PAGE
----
1995 oceanic anthropogenic carbon content. Integrated with latitude for observational estimates of Khatiwala et al. (2009) in pink, Sabine et al. (2004) in green, and the CMIP5 models in blue, (a) unadjusted, and (b) adjusted relative to 1791 start date. The value at 70°N is the total carbon uptake in the year 1995.
Bronselaer, B., M. Winton, J. Russell, C.L. Sabine, and S. Khatiwala (2017): Agreement of CMIP5 simulated and observed ocean anthropogenic CO2 uptake. Geophys. Res. Lett., 44,doi:10.1002/2017GL074435.
Since the start of the Industrial Revolution, human activity has caused atmospheric CO2 levels to rise. During this time, the ocean has absorbed roughly one third of emitted anthropogenic (human-derived) carbon, so ocean carbon uptake therefore influences how much of this important greenhouse gas remains in the atmosphere. Accurately measuring and simulating ocean carbon storage is important for assessing the current environmental conditions and projecting future climates.
Uncertainties in ocean carbon storage observational estimates are of the order of 25% and generally disagree with global carbon models by as much as 25%. While the differences between observations and models are within the uncertainties, these differences are significant when evaluating the global carbon budget. This paper demonstrates that the largest biases in the various estimates are due to the difference in time period covered by each estimate. The Coupled Model Intercomparison Project phase 5 (CMIP5) models used for the latest IPCC assessment report collectively begin their simulations in the year 1850, while observational estimates evaluate anthropogenic carbon from 1791 or 1765. While fossil fuel emissions prior to 1850 are negligible, changes in land use resulted in increased atmospheric CO2 levels since 1765, leading to increased ocean carbon.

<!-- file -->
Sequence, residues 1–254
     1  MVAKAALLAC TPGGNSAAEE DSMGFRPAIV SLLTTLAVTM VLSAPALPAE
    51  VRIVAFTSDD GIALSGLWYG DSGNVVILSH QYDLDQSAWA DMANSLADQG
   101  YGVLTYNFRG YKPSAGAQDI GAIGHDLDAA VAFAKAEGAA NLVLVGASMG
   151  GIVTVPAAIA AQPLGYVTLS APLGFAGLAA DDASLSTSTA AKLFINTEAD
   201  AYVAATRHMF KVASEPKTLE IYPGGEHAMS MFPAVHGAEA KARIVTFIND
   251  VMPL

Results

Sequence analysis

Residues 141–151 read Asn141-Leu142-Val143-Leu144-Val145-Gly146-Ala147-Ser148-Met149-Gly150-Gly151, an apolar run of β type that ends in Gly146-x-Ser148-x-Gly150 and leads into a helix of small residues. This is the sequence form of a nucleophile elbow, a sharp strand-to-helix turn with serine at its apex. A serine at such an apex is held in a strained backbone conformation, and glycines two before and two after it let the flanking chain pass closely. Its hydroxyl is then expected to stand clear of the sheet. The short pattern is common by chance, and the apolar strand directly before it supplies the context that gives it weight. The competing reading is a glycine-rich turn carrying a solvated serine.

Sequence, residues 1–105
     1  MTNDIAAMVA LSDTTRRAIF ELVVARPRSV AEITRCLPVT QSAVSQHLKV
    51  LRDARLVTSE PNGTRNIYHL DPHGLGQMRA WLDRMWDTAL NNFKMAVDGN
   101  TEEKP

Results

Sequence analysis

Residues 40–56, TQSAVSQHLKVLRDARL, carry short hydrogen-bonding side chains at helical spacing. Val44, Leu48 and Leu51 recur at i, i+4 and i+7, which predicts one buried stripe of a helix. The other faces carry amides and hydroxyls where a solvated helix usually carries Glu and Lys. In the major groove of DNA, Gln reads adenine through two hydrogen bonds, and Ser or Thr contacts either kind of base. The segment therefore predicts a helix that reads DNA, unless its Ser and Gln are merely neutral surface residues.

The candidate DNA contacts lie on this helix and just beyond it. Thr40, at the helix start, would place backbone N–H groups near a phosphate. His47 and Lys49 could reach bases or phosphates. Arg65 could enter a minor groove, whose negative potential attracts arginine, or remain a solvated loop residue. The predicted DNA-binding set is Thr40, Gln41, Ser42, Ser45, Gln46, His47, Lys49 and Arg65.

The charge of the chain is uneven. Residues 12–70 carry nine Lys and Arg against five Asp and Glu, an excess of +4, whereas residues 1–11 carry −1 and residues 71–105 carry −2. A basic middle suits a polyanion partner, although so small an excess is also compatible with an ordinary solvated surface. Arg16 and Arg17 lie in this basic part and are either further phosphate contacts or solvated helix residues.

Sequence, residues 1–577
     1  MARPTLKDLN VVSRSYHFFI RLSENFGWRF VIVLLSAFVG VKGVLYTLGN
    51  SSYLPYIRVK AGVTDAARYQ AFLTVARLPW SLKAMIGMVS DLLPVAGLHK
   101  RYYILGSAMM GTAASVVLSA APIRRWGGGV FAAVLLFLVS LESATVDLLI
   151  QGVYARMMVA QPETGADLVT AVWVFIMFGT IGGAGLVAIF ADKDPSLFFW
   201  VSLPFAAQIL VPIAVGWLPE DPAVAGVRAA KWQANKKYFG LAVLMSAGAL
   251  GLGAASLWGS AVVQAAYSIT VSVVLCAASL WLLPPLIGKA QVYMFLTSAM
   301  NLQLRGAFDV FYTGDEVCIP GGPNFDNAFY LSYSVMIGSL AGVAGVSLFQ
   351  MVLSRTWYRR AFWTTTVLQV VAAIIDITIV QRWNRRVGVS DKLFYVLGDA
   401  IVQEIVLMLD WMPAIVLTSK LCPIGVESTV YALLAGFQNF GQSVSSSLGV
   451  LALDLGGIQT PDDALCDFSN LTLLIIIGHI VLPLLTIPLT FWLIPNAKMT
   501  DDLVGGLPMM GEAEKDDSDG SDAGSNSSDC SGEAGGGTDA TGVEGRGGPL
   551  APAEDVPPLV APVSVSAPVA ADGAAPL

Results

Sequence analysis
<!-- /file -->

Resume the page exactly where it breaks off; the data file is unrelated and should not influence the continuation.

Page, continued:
The authors present two methods for adjusting ocean anthropogenic carbon uptake due to prior rises in atmospheric CO2. They show that after adjusting the CMIP5 and two observational estimates to the 1791–1995 period, all three carbon uptake estimates agree to within 3 petagrams of carbon: about 4% of the total. Although there are still regional patterns in the biases, this “correction” greatly improves the consistency of the various approaches for estimating ocean anthropogenic carbon storage.